21Mobile Learning and Social Networking

John Traxler

21.1 Introduction

The term “learning technology” deliberately reflects this book’s scope, which includes both education and training. The terms “educational technology,” “instructional technology,” and “learning technology” are all used but with different nuances in their meaning and those differences can be culturally dependent—certainly technology or learning are not culturally neutral or necessarily benign. Mobile learning makes these terms increasingly problematic. This is increasingly true as we look at its implications for “just-in-time” mobile learning and mobile performance support, and their challenge to settled notions of learning “just-in-case.” We had a decade of seeing learning with mobiles as a kind of learning technology but however cute and innovative, it was never going to be financially sustainable or scalable. We have also seen several years in which social networking technologies have been increasingly co-opted as learning technologies and we now see their convergence and emergence as something very different. Helen Beetham, asking whether “learning technology” is an outmoded term, believes:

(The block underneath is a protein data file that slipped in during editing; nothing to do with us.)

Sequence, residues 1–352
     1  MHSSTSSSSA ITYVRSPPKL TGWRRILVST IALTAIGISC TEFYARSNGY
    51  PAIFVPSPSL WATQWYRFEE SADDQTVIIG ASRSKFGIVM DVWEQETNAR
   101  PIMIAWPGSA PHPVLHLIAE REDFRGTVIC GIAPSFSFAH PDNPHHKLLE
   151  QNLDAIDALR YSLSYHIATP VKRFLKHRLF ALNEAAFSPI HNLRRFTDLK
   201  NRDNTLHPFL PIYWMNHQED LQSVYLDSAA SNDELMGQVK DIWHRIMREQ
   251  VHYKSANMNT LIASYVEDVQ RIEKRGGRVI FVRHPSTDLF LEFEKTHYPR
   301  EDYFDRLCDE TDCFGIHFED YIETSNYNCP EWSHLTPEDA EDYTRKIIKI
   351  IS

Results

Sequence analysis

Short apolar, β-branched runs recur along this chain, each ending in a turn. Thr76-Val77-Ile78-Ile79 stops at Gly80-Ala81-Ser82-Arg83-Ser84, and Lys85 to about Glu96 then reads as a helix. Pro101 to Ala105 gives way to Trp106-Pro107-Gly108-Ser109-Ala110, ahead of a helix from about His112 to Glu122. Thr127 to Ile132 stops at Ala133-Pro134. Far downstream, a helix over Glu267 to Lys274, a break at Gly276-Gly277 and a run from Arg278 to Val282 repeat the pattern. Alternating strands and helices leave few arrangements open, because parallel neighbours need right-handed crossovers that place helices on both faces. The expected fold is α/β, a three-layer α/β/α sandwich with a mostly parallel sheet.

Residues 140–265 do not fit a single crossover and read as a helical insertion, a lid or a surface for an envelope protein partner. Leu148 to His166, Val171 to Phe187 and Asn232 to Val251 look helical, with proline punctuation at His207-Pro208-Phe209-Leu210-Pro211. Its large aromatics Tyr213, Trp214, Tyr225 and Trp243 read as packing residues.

… the term comes from a time when institutional LTA systems were being developed and implemented for the first time. Important because one of the great powers of digital technology is interoperability, and making information easily shared among all the people and processes involved in learning. But since the emergence of VLEs, ...

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